Yesterday’s Peripheral Arterial Challenges session saw a host of new developments being presented and a lift for drug-coated balloons (DCBs), swirling flow stents and drug-eluting stents.
The day began by trying to avoid any intervention by exercise, best medical treatment and smoking cessation. Presenters showed that supervised exercise is effective, but costly and that patients do not submit to it.rug-coated balloons are in the ascendancy for moderate length lesions, as is the support for pretreatment for calcified or severe disease by predilation or atherectomy/debulking followed by DCB to discourage restenosis. Yet, the treatment of long lesions remains a challenge for interventionists. Various endovascular approaches such as the use of DCBs, atherectomy followed by drug-coated balloon, sequential stents and the use of a single long stent are being used in the treatment of long lesions, but surgical bypass still has a place for these patients, the voting results showed. Swirling flow in stents is here to stay, as are drug-eluting stents, but costs remain a factor and members of the CX audience also expressed an interest in and are awaiting three- to five-year data for DCB.
Vessel preparation before use of DCBs gains further support
A vast majority, 87% of the Charing Cross audience, believes in the idea of pretreating superficial artery lesions before the use of drug-coated balloons. In 2013, just 32% supported the idea of pretreatment, and this number has steadily grown to 43% in 2014 and 77%, last year. Pretreatment of calcified lesions or severe disease can be approached in various ways including by predilatation, atherectomy or debulking.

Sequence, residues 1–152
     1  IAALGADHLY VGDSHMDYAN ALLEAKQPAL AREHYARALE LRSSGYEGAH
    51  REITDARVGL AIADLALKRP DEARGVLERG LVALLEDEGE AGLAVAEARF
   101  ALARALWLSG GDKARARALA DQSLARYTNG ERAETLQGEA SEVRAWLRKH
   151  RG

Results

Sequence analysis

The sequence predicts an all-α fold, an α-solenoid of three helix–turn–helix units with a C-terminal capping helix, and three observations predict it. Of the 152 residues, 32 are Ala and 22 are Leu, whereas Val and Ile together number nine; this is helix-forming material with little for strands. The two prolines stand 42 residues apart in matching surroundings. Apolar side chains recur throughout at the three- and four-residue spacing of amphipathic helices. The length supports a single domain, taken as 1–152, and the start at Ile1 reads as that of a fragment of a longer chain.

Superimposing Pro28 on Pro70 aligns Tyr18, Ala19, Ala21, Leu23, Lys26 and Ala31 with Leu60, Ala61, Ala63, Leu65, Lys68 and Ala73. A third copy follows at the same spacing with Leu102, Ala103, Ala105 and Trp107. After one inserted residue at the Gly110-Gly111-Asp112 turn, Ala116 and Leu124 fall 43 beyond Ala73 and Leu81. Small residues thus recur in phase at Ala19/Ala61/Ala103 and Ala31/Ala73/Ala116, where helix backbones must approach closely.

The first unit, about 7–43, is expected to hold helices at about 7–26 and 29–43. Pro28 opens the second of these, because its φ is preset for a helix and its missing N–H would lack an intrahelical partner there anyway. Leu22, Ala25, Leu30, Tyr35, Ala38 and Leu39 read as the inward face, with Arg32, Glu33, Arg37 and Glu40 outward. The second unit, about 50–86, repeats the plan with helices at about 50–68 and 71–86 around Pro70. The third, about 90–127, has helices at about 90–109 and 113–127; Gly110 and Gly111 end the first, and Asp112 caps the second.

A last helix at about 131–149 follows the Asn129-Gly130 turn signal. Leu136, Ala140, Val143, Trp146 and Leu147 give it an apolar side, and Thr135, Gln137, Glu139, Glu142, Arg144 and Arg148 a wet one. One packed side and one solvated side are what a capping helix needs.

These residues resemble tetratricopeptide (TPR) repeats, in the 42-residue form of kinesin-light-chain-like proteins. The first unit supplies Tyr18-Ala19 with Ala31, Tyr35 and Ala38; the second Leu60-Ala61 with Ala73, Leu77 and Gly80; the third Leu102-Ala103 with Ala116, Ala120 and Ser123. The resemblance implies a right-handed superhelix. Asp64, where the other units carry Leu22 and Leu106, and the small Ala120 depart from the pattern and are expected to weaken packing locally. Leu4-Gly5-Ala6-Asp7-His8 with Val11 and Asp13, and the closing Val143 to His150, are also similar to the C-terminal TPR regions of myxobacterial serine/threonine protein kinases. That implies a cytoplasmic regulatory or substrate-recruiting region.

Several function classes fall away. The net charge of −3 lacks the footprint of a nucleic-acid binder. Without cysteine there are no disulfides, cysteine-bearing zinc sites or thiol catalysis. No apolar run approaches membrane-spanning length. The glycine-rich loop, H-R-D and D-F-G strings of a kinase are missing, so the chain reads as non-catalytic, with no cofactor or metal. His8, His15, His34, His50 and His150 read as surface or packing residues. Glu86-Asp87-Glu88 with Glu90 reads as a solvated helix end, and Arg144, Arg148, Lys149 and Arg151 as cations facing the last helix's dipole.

Speaking on the rationale, evidence and indication for plaque modification before DCB, Erwin Blessing, Heidelberg, Germany, said that it is observed that DCBs work less well in heavily calcified lesions, meaning that there could be improved penetration of drug after lesion preparation or removal.
Then, Stephan Duda, Berlin, Germany, explained that pre-dilatation was important to protect DCB performance, to best assess lesion type and to potentially reduce need for post-dilatation and stenting. It is highly recomended in presence of calcium and in total occlusions, he said.
Subsequently, new data were presented on the use of DCB for increasingly complex patients and lesions. The data included the one-year results from the chronic total occlusion imaging cohort from the IN.PACT Global Study and the two-year gender and diabetic subgroup analyses from the pivotal IN.PACT SFA Trial that used the IN.PACT Admiral DCB (Medtronic) and the 12-month interim ILLUMENATE Global Study that used the Stellarex DCB (Spectranetics).
New data from the chronic total occlusion imaging cohort of the real-world, IN.PACT Global Study were presented by Gunnar Tepe, Rosenheim, Germany. Chronic total occlusions are typically characterised by calcified plaque, which often result in complete (or nearly complete) obstruction of blood flow through the artery.
As part of the 1,535 patients enrolled across 27 countries in IN.PACT Global Study, 126 patients with an average lesion length of 22.9cm were included in the chronic total occlusion imaging cohort analysis. The primary patency rate was 84.4% and the clinically-driven target lesion revascularisation rate (CD-TLR) was 12.2% at one year. Additional safety and efficacy outcomes included low rates of all-cause mortality (4.3%), thrombosis (4.3%) and no occurrences of major target limb amputation (0%). Previous reports from the IN.PACT Global Study demonstrated effectiveness in complex in-stent restenosis lesions and long lesions in the superficial femoral artery through one year.
“Despite the complexity of these challenging and complex long chronic total occlusion lesions, the outcomes were excellent and remarkably consistent to that of the overall cohort. These results show the effectiveness of the IN.PACT Admiral drug-coated balloon as a primary treatment in this complex lesion subset,” concluded Tepe.